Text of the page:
A week ago, life on the outside was a lonely place. Us, Columbus and St. Louis, not exactly the company we thought we'd be keeping. But as the week wore on, we were able to greet (and taunt) new groups of fans, something that brought us (and will continue to bring us great comfort, however empty some will tell us that it is.
On the weekend, the Broad Street Braggarts were ejected to a synchronous cheer from everyone who cares about hockey but doesn't live in that corner of Pennsylvania. And yesterday it was the Calgary Flames and the San Jose Sharks.
What brings greatest pleasure, or perhaps solace is the more appropriate term, is that though building around Carey Price has not been the answer, nor has fashioning a complement for Mike Richards and his first 26-game superstar mirage partner Jeff Carter. Having Rick Nash does not save you anymore than having Alexei Kovalev does. Joe Thronton is not an answer, nor is having 2 big centres (not on its own, anyway).
All 5 of these teams will be feeling disappointment, just like we do. 2 more will join in tomorrow. Whereas, we were prepared and only had to deal with the pop from a bubble with a mere week's worth of hope inflating it; fans in San Jose are once again left in the tricky position of questioning their perfect franchise model, fans in Philly must be wondering why their built-for-playoff players can't score on Marc-Andre Fleury and Calgary has lost another Jarome Iginla year.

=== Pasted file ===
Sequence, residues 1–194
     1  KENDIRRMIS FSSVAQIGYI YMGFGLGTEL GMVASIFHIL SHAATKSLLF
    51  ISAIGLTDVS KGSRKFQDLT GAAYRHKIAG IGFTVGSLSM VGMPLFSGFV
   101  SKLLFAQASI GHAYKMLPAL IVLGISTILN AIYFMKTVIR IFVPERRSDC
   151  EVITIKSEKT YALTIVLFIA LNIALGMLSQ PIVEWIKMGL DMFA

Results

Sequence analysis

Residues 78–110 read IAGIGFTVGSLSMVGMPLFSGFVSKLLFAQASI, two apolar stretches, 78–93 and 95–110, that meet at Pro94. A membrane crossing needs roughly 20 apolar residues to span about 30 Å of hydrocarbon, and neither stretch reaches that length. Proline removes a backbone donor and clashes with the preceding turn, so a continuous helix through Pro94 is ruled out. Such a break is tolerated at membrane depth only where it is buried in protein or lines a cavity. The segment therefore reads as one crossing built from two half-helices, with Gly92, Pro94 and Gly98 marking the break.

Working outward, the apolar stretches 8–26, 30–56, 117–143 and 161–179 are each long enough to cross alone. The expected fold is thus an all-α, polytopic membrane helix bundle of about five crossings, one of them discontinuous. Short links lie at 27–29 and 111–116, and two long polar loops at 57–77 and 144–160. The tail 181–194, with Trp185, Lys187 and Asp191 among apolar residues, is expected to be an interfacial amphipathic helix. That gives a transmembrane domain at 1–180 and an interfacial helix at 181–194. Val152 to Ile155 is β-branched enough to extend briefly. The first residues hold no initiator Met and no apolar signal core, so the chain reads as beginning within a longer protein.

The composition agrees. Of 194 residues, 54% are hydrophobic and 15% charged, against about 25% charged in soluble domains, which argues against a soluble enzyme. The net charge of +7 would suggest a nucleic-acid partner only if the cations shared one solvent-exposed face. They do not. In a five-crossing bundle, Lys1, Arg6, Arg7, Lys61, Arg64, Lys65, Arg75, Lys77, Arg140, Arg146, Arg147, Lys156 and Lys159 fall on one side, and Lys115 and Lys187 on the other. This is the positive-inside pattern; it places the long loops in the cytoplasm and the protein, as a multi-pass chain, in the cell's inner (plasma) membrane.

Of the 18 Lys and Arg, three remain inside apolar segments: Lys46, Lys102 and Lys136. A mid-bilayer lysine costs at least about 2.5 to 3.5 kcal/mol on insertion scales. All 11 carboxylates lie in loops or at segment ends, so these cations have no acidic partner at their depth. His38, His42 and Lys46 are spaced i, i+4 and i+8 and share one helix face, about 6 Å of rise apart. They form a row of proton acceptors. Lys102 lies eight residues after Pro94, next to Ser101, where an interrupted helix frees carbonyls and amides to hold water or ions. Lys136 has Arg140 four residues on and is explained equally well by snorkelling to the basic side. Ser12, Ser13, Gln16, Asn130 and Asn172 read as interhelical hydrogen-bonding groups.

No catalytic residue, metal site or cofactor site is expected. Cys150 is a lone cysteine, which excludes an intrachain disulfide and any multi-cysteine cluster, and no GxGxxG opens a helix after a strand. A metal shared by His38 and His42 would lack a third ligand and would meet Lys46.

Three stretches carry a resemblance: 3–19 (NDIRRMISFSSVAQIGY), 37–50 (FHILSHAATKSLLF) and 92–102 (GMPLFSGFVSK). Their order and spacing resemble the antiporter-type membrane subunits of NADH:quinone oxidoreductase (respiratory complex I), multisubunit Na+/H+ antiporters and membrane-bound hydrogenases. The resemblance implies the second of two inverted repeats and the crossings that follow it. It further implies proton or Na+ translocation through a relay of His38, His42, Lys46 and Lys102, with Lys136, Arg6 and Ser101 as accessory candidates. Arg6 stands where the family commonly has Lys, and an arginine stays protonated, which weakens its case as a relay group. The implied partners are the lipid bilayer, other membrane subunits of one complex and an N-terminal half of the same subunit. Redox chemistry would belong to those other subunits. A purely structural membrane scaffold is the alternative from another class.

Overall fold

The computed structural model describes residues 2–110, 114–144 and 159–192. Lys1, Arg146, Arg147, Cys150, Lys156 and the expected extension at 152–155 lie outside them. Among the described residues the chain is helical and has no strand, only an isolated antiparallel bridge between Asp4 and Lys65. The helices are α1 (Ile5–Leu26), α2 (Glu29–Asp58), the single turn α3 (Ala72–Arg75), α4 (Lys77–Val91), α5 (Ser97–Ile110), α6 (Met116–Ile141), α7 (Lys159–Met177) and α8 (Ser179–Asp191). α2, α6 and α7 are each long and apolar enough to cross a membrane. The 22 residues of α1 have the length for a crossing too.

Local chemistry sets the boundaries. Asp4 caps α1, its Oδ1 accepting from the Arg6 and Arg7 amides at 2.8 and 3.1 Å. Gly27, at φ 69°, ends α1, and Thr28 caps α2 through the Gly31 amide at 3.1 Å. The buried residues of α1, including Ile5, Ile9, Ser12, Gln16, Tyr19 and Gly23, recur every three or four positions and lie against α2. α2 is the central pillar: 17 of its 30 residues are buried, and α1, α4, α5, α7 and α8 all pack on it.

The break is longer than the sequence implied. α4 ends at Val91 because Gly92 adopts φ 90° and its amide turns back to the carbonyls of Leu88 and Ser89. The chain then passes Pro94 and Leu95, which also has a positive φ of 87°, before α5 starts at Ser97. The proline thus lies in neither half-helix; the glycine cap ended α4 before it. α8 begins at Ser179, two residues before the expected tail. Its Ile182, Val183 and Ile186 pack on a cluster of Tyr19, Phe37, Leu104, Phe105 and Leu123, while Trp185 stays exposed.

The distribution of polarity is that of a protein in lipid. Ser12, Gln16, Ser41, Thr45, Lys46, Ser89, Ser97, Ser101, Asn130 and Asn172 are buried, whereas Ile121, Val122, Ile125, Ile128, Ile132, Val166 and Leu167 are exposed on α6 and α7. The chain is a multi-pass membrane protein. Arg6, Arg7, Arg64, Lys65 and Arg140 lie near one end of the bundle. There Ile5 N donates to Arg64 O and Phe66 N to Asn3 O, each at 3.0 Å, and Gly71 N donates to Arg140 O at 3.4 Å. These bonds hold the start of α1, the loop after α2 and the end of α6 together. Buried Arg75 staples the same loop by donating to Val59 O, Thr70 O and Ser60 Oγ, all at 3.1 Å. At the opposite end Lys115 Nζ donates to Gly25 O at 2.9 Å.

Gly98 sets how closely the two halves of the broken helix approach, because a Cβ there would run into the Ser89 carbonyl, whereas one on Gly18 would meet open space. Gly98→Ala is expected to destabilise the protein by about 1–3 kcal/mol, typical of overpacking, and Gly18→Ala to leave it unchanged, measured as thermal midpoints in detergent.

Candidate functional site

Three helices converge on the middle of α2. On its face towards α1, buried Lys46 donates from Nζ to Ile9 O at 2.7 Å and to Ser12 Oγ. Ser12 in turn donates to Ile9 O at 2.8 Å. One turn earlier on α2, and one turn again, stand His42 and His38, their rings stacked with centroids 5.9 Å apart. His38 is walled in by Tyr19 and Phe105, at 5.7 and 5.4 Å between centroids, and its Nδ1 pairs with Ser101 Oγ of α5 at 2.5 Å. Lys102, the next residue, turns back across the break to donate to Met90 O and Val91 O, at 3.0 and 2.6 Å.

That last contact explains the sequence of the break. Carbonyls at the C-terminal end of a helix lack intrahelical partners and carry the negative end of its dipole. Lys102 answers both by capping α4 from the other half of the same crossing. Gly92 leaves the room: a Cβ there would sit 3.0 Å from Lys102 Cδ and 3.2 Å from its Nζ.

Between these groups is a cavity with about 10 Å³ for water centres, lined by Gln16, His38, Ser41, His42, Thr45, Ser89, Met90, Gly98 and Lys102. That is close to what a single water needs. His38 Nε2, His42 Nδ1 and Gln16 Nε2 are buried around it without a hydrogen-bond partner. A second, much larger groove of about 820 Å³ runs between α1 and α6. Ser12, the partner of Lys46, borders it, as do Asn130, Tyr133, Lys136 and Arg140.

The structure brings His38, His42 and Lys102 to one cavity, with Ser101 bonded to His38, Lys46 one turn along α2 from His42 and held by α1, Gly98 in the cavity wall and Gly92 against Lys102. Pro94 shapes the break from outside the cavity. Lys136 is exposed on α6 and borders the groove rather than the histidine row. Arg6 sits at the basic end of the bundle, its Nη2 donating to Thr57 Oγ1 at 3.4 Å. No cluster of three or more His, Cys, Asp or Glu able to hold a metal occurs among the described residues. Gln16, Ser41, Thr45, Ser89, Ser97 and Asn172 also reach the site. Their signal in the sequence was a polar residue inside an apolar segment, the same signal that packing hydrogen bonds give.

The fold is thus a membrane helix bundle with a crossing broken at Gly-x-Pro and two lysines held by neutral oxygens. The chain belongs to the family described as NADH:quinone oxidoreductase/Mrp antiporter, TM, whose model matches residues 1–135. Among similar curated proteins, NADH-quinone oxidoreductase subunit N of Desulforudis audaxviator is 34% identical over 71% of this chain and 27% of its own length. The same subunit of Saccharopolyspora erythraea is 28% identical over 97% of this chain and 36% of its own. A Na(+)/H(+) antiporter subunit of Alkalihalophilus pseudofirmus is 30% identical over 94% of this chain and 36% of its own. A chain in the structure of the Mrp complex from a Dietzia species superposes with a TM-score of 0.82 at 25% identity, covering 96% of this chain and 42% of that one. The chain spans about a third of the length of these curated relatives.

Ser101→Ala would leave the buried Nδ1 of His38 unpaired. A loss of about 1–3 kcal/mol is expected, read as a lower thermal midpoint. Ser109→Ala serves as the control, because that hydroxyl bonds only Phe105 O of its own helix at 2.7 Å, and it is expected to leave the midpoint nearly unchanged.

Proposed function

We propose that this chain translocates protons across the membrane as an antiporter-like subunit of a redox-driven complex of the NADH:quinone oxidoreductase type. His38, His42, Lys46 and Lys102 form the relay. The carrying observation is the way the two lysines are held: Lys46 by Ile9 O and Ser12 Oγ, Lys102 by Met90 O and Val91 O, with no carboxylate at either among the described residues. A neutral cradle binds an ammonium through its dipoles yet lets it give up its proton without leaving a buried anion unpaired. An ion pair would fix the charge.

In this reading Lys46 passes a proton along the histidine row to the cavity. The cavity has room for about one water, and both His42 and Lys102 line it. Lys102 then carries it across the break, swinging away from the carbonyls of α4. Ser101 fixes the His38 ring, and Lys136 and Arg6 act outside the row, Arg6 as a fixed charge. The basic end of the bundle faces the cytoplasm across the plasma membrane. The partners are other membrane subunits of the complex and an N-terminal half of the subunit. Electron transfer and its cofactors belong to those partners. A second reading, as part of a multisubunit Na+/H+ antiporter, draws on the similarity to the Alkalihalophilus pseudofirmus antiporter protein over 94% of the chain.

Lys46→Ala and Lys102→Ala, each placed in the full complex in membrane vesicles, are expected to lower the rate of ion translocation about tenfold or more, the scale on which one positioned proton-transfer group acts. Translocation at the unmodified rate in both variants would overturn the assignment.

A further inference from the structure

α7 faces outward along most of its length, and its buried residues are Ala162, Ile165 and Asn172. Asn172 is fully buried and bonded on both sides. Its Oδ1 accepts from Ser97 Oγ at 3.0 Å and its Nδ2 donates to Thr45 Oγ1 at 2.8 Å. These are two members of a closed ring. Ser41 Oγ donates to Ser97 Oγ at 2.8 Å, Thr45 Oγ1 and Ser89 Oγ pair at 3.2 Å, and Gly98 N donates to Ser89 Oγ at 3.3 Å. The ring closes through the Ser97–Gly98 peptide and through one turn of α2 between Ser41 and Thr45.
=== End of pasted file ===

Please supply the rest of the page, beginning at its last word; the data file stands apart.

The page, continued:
San Jose must be the worst of these. Back in January you couldn't turn on a computer without having to sit through or listen to accounts of San Jose's brilliance. This year they had got it right. Marleau was back on track, Thornton was still the best passer in the universe; their defence was impenetrable and Nabokov was avoiding his odd numbered off-year. Even back in January, though, people knew that as impressive as 5 losses to that point was, the Sharks might still be the more likely of any two teams to lose 4 of 7 just like all those times before.
And frankly, where can San Jose go from here. Every year they come in as dark horse favourites. Every year they don't disappoint in the regular season. How can a team evaluate their own playoff holes when the players refuse to play anything but top-notch hockey until April. On a normal team, you can run some tests, take a few losses and send the player back to the minors when it doesn't work. On the Sharks, sure you can jettison a few pieces, but the problem with their experiment is that it takes a year to get any meaningful results.
If you though Bob Gainey's job was going to be hard, spare a thought for Doug Wilson.